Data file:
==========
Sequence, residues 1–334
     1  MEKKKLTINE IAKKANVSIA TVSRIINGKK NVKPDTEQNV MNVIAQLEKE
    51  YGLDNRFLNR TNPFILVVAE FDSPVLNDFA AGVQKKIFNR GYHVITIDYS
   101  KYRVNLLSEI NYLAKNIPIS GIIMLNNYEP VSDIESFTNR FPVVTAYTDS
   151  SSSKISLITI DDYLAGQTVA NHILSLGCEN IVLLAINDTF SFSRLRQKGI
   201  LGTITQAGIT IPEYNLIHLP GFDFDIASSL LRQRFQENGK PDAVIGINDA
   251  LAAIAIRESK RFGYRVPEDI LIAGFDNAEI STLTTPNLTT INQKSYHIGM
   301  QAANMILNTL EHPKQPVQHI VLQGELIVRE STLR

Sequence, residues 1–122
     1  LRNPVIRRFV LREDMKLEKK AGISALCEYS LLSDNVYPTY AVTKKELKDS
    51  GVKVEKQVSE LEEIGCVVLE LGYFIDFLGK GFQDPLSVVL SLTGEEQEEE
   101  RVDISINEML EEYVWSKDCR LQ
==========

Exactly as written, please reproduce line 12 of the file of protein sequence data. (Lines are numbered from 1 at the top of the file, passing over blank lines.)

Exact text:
   101  RVDISINEML EEYVWSKDCR LQ